In the end, I believe this kind of position is seductive — it can lead to sophistry in the pursuit of fame, fortune, stature, and attention. And if you can wrap it in a positive message and convince even yourself it’s true — Wow. What a siren song.

    It’s always risky, and bit arrogant — to impute motives to people you don’t know, but on the other hand, some sort of explanation is required here — the entirely counterfactual conclusions that both Lomborg and S&N arrive at demand it.

    My guess is part of the answer lies in this seductive dynamic. There is another explanation — that both Lomborg and S&N are just idiots. But the skill of their arguments and the depth of their knowledge belies that.

    So I’d suggest this is yet another way in which S&N and Lomberg are alike.
    It’s a proven way to the best seller list, to talk shows, and ultimately to putting your name on the map. Lomborg’s selective use of facts — and the fact that this is his second sojourn into the land of sophistry — sugests he knows what he’s guilty of.

    It’s possible S&N have conned themsleves into believing their own jive — but jive it is, regardless of sincerity, motive, or stature.

  2. Paul K says:

    Your recent focus on delayers rather than deniers is good. Lomborg’s criticism seems to be based on a Kyoto type solution which has been rejected. S&N reflect the widespread reluctance to put all the eggs in the CO2 basket. They stand accused of undermining the consensus. Contrary to the predictions of economic upheaval until we are saved by now unknown innovation, you insist existing technology can make a big dent in emissions at an affordable price.
    A great political battle will soon be engaged. Change will come, but whatever the outcome, the changes won’t begin until at least two years from today. You have repeatedly said immediate action is necessary. How is that done? How do we achieve lower CO2 emissions next year compared to this? Given that it’s 60 votes to pass in the Senate, the consensus gets narrowly defined. I guess my question is, “Is there any proposal that would facilitate the reduction or non increase of any amount of CO2 that Senator Imhoff could support?”

  3. Joe says:


    Thanks for your comment.

    We are stuck doing nothing as long as Bush is President. Either the next president makes this their top domestic and international priority — or we are ruining this planet for the next 50 generations, possibly the next 500.

    Inhofe thinks this is a hoax — he’ll never support action. Many conservatives share this view but not all Republicans. If the conservatives vote in a block, they may be able to stop the necessary action. The result I think will be both catastrophic global warming and the ultimate destruction of the conservative movement.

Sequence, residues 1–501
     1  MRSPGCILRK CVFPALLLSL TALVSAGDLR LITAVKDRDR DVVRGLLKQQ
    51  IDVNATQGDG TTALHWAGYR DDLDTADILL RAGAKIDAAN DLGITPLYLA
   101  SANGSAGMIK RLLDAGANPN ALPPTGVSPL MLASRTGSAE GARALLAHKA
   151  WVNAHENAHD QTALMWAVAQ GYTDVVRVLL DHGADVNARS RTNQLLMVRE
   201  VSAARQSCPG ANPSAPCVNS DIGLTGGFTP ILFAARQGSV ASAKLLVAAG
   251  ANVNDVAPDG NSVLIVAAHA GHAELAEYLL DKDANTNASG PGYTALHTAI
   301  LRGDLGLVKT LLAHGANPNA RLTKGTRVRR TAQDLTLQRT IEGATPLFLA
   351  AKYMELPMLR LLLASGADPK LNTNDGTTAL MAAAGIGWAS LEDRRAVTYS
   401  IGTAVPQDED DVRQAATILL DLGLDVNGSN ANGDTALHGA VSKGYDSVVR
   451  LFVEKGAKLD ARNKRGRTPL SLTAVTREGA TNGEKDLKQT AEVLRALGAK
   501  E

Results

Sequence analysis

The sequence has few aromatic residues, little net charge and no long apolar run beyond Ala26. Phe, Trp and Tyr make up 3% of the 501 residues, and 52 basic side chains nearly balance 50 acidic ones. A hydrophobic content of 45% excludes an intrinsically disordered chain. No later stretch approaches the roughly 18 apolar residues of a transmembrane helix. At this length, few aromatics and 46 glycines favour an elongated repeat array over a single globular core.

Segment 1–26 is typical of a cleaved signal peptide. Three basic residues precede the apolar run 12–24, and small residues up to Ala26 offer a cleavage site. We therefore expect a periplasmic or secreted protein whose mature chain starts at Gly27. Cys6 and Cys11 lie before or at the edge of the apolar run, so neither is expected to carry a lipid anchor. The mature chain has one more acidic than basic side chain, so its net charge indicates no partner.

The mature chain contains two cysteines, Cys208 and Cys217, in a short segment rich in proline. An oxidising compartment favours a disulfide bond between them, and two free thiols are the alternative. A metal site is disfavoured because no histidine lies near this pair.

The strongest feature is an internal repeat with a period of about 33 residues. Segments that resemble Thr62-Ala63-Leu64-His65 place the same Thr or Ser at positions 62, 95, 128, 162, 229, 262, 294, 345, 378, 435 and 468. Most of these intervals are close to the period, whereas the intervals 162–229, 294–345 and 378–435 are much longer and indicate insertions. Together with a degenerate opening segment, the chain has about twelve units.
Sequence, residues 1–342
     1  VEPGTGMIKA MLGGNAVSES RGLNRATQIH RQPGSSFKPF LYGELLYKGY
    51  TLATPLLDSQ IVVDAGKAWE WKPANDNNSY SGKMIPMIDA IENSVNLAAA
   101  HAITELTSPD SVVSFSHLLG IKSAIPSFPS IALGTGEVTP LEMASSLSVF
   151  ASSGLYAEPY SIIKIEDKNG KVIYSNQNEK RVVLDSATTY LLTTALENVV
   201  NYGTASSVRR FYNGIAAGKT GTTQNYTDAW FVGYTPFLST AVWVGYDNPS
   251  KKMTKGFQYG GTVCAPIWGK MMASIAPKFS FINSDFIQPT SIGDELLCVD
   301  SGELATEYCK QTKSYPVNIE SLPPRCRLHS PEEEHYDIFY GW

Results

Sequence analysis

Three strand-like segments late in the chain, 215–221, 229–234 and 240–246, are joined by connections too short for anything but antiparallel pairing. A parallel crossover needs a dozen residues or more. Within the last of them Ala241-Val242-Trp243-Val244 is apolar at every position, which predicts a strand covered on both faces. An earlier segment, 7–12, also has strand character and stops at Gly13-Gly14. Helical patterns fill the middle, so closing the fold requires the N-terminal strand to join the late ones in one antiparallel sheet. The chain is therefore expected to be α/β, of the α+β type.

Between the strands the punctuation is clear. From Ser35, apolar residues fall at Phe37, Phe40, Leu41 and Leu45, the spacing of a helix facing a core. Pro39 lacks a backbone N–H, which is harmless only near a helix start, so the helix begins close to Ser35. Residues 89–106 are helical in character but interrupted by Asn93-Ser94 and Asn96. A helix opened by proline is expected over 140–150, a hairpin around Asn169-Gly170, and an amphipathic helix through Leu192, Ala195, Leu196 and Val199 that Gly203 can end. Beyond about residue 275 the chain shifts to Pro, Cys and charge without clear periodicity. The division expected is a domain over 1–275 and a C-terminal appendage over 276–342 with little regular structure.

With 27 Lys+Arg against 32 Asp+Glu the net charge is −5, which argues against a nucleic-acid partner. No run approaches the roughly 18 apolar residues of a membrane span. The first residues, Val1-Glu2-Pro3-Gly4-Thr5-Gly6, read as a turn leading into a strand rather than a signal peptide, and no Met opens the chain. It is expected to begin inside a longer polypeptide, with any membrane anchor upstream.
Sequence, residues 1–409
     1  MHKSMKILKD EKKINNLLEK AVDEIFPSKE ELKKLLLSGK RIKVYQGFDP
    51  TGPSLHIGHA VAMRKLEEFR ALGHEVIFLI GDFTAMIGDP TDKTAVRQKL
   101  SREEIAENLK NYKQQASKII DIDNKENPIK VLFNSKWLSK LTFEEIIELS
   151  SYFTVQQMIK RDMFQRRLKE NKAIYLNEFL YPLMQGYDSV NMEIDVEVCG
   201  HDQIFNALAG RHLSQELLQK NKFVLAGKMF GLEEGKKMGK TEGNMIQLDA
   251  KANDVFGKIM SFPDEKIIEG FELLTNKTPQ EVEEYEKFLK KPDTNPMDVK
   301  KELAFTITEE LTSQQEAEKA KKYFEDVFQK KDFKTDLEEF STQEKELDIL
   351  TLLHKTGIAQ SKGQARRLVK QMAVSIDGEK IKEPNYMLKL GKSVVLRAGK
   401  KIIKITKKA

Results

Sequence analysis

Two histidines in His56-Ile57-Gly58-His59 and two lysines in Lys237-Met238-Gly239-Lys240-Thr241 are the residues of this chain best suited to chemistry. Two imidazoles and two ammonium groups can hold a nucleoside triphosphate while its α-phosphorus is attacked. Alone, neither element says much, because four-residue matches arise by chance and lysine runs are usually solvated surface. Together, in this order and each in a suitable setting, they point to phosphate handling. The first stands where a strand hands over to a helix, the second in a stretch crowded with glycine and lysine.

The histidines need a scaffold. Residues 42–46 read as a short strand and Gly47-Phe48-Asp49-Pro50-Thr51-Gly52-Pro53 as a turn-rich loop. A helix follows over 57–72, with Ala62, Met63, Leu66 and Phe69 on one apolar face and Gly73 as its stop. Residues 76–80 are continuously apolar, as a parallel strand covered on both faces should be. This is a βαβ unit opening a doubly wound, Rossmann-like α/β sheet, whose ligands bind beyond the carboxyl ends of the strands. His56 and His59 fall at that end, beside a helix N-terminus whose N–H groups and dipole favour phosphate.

4. John Mashey says:

    1) No serious R&D manager “schedules” major innovative breakthroughs.

    You may recall Bell Laboratories: we generated an amazing set of innovations, but I guarantee you:
    we did research
    then we did development,
    then we did deployment,
    and we did not schedule research breakthroughs, and we didn’t do research by just throwing absurd masses of money around and hoping something worked. in time.

    MOST of what we did was continual, relentless improvements over many years. People won awards for saving .1% on gold contacts, which saved $10Ms/year. Executive management was pretty good at exploiting innovations when they happened.

    More money for research is good, especially since we’ve suffered some very poor investments if late; I’d certainly welcome more for better-than-corn biofuels, i.e., maybe like miscanthus, for example.

    2) I don’t think immediate action means that next year’s CO2 emissions are lower than this years, but first, that we start slowing the rise. It’s well known that while the US has a whole has ~ doubled the electricity use/person over the last 30 years, CA (and a few other states) have managed to stay flat … mild weather helps the level, except that the peak electricity use is in the summer afternoons for air conditioning, and warmer temperatures mean more air conditioning. i.e., keeping flat doesn’t come from having mild weather. None of that came from magic siliver bullets, just a lot of attention to detail.

    We’ll see if the EPA makes CA sue, which is likely this month.

    3) A lot of improvements can be made locally if htere is political will.

    Right now, PG&E [utility for Northern & Central Cal] is in the middle of giving away 1M CFLs … because the rules here in CA encourage utilities to help efficiency rather than fight it.

    4) I’m sure Inhofe will pass bills that generate less CO2 if they also burn more fossil fuels and don’t add to the costs by requiring sequesration.

  5. John McCormick says:

    Joe, you said:

    [The result I think will be both catastrophic global warming and the ultimate destruction of the conservative movement.]

    I say, the result will be the ultimate destruction of capitalism!

    Houston, at sea level, is home to 40 precent of America’s petrochemical industry and it is a safe bet that most of the world’s refinery and chemical infrastructure sit behind the coastal pier. They suffer the common fate of a 1, 2 or 10 meter sea level rise.

    Am I being too pessimistic or maybe nit-picking?

  6. Earl Killian says:

    John Mashey said “mild weather helps the level”. I am not sure if you are implying that California’s weather helps it have such low per capita electricity use, but that does not appear to be a significant factor. Since the ten lowest per capita electricity use states in 2003 were Connecticut, New Jersey, Massachusetts, Vermont, Alaska, New Hampshire, Hawaii, New York, Rhode Island, and California, I don’t see much weather correlation. There is a much better correlation with being a blue state vs. red state than with weather. To see this, look at page 14 of .

  7. John Mashey says:

    Oh, good point Earl.

    I’ve run into people who’ve said “Oh, that’s because California has mild weather” so I was heading that off.